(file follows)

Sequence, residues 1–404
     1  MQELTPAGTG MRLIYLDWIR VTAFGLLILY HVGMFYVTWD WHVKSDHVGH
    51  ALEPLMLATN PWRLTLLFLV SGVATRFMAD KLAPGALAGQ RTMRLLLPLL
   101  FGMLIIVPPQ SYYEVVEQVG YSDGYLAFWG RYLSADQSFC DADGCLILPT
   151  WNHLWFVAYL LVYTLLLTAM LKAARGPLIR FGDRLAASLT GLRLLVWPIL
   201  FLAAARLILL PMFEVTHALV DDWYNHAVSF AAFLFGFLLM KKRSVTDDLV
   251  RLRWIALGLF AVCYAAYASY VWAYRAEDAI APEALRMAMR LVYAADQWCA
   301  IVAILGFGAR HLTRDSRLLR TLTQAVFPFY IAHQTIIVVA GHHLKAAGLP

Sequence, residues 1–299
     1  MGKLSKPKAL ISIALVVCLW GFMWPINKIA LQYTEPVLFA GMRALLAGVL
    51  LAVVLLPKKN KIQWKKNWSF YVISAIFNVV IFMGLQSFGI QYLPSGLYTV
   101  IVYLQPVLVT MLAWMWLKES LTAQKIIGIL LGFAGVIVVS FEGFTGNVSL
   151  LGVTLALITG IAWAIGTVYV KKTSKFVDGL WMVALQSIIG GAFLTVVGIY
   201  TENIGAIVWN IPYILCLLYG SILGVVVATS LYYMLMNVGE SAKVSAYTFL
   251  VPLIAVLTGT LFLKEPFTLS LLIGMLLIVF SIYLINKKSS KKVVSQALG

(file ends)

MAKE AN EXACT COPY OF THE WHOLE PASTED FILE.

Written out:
Sequence, residues 1–404
     1  MQELTPAGTG MRLIYLDWIR VTAFGLLILY HVGMFYVTWD WHVKSDHVGH
    51  ALEPLMLATN PWRLTLLFLV SGVATRFMAD KLAPGALAGQ RTMRLLLPLL
   101  FGMLIIVPPQ SYYEVVEQVG YSDGYLAFWG RYLSADQSFC DADGCLILPT
   151  WNHLWFVAYL LVYTLLLTAM LKAARGPLIR FGDRLAASLT GLRLLVWPIL
   201  FLAAARLILL PMFEVTHALV DDWYNHAVSF AAFLFGFLLM KKRSVTDDLV
   251  RLRWIALGLF AVCYAAYASY VWAYRAEDAI APEALRMAMR LVYAADQWCA
   301  IVAILGFGAR HLTRDSRLLR TLTQAVFPFY IAHQTIIVVA GHHLKAAGLP

Sequence, residues 1–299
     1  MGKLSKPKAL ISIALVVCLW GFMWPINKIA LQYTEPVLFA GMRALLAGVL
    51  LAVVLLPKKN KIQWKKNWSF YVISAIFNVV IFMGLQSFGI QYLPSGLYTV
   101  IVYLQPVLVT MLAWMWLKES LTAQKIIGIL LGFAGVIVVS FEGFTGNVSL
   151  LGVTLALITG IAWAIGTVYV KKTSKFVDGL WMVALQSIIG GAFLTVVGIY
   201  TENIGAIVWN IPYILCLLYG SILGVVVATS LYYMLMNVGE SAKVSAYTFL
   251  VPLIAVLTGT LFLKEPFTLS LLIGMLLIVF SIYLINKKSS KKVVSQALG